Question about Compaction Tests

Discussion in 'Heavy Equipment & Pavement' started by Mike981, Aug 1, 2008.

  1. Mike981

    Mike981 LawnSite Member
    from VA
    Messages: 2

    I've lurked on this forum for awhile now and seemed to always find answers to my questions by just searing the forum but I was unable to find the answer on this.

    I just got asked to bid on a job for a commercial building pad and the plans call for a 98% compaction. The cuts range from 4 foot and the fills from as little as one foot to 5 and a half foot over the pad. So my question is do you guys think that a sheepsfoot Vibratory roller will work for this? If not what would you guys recommend, and any tips on rolling pattern would greatly be appreciated.

    The plan that I have in mind is to use an excavator to cut and a dozer to push the piles while another guy runs the roller compacting as the fill is brought up. But I'm not sure as this will be my first project with a compaction test, so any tips or ideas would be greatly appreciated.
  2. JohnnyRoyale

    JohnnyRoyale LawnSite Senior Member
    Messages: 616

    I would guess sheepsfoot for the fill, smooth drum for the granular. I may be wrong.
  3. RockSet N' Grade

    RockSet N' Grade LawnSite Silver Member
    Messages: 2,454

    I have built alot of commercial tilt-ups in my time from the ground up to finish and we always had to do what you are proposing. I would ask for a copy of the soils report to see what their test holes showed first. Understand that a soils engineer will determine when you find a suitable "bottom" regardless of what you bid, so use proper language in your bid to cover that. When we did our backfill/compaction we used a dozer and walked it with the dozer to get compaction. The native material and your choice of fill material will determine your success or failure of obtaining 98%. Get a copy of the soils report to see what was found and be clear in your contract/bid as to what is included and what is an extra. Make sure you have the soils engineer sign off on the bottom (not just a verbal "that looks like it will be ok thing")......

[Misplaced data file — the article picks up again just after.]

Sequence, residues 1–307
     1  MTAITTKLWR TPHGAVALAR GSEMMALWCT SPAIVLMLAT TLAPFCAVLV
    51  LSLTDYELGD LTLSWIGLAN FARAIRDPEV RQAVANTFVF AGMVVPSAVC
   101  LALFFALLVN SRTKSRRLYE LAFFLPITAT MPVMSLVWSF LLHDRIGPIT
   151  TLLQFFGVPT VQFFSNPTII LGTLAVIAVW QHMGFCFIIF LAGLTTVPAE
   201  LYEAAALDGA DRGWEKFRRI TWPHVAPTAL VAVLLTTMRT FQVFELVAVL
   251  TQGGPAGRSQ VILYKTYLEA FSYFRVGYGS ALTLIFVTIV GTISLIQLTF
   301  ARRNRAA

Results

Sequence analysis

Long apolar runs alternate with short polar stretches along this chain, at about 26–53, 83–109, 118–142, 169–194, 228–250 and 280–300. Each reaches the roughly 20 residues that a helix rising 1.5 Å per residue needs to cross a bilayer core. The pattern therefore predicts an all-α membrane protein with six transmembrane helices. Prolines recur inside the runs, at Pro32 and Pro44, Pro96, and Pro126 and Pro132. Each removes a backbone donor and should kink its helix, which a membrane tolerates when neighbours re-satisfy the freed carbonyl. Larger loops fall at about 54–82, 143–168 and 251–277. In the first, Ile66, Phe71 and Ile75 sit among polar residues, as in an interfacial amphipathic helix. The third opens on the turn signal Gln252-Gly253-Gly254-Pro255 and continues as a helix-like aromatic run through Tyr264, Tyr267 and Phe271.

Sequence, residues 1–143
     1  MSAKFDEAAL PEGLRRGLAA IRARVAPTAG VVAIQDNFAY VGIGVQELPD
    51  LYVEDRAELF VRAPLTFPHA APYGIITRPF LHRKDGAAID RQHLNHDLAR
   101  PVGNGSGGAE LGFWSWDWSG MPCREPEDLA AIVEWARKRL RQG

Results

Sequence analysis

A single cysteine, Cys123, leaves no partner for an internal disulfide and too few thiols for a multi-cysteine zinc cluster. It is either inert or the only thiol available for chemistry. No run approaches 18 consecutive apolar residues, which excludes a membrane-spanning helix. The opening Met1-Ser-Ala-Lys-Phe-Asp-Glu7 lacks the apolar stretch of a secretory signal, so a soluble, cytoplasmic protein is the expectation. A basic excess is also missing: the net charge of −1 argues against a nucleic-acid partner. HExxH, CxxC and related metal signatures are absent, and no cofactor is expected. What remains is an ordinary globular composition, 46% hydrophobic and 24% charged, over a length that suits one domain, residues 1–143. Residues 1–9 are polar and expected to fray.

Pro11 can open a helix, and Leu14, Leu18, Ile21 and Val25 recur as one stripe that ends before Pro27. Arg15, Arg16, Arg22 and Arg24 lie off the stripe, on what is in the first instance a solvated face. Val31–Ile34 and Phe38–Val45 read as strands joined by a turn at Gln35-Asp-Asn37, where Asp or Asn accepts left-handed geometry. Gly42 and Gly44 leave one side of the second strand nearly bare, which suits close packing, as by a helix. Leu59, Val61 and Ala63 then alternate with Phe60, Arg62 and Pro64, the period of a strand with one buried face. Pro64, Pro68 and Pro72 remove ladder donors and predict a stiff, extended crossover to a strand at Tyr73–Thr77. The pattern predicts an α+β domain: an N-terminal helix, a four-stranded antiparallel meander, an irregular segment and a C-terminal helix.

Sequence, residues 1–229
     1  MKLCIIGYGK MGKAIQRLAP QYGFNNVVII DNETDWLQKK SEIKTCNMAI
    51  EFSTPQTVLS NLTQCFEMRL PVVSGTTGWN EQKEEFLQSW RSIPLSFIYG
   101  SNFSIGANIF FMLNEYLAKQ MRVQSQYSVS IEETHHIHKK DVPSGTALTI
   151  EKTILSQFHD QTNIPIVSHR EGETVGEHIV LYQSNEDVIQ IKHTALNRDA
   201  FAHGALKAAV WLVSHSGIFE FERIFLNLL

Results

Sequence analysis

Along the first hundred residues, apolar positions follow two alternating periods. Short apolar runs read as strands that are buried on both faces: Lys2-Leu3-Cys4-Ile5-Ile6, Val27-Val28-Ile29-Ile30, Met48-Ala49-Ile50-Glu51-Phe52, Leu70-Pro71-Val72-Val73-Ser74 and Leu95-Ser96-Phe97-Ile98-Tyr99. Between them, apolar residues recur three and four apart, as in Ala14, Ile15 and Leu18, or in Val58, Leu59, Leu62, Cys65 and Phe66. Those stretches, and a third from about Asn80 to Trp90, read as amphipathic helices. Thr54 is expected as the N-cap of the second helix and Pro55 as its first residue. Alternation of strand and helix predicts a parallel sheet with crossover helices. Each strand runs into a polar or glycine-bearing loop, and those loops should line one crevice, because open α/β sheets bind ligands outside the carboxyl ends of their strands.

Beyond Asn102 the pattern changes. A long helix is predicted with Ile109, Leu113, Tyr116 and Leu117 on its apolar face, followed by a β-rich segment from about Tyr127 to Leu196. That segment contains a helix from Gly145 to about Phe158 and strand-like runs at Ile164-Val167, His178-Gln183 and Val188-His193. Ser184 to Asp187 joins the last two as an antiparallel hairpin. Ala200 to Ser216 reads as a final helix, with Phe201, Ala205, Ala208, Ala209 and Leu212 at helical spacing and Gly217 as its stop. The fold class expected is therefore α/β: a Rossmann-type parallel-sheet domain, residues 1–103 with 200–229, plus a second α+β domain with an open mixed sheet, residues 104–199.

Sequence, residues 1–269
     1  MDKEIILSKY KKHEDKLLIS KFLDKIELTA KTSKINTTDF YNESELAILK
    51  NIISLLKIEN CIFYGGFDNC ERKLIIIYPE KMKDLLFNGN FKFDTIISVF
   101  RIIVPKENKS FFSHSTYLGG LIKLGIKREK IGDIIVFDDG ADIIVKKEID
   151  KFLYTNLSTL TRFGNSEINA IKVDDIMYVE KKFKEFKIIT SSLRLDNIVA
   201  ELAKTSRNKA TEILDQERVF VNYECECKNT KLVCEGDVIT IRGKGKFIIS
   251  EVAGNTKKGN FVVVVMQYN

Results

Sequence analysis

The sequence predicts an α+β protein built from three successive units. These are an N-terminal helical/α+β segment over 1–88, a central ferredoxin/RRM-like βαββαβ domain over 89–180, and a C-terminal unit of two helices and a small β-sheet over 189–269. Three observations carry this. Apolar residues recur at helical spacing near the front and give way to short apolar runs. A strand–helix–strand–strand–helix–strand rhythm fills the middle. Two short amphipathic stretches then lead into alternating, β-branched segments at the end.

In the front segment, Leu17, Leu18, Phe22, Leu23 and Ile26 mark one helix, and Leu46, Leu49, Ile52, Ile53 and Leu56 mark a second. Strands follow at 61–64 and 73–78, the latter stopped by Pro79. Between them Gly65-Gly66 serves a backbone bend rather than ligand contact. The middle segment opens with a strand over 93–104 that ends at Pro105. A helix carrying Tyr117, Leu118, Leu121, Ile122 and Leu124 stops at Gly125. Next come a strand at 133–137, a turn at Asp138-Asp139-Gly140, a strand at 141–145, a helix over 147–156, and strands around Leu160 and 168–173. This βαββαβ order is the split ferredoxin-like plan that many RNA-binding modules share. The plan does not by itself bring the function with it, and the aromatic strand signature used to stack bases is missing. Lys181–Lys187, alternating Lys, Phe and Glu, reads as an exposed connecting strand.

4. Gravel Rat

    Gravel Rat LawnSite Fanatic
    Messages: 9,544

    You always let the engineer take the responsibility and let them tell you what they want done. I'am surprised they would allow native dirt to be used.
  5. crab

    crab LawnSite Senior Member
    Messages: 633

    when ive done tennis courts they ask for the same and we used a10 ton vibratory roller,this i was told is the minimum you can use.
  6. tbi

    tbi LawnSite Senior Member
    from NY
    Messages: 494

    Keep your lifts shallow, make sure your near optimum moisture and if the material changes that the tester has the correct proctor.
  7. bobcat_ron

    bobcat_ron LawnSite Fanatic
    Messages: 10,137

    Sheepsfoots are for dirt, they can be used for granular, but they shift the upper layer of material around to much, smooth drums are needed for compaction. I managed to compact a 4 foot lift of sand with a Cat 573 compactor to 102% compaction in 3 passes, 2 passes in low amplitude and the final in high amplitude.
    We always use a packer that weighs at least 6 tons, that way our lifts can be 12" at a time, the heavier the compactor, the thicker the lifts, we also use manure tanks with fresh water and hammer and soak the sites down, even with out compaction, water will drop our sand levels 2 inches.
  8. ksss

    ksss LawnSite Fanatic
    Messages: 7,168

    Having the correct Proctor is really the key especially when using native material. It must be of such quality that they have a Proctor for that material type. Usually here they call for engineered fill, which is pitrun material, packs like a rock.

  9. Toy2

    Toy2 LawnSite Bronze Member
    Messages: 1,924

    I'm sure someone will or should do a density tests on what you do and give you direction on what steps are needed next.

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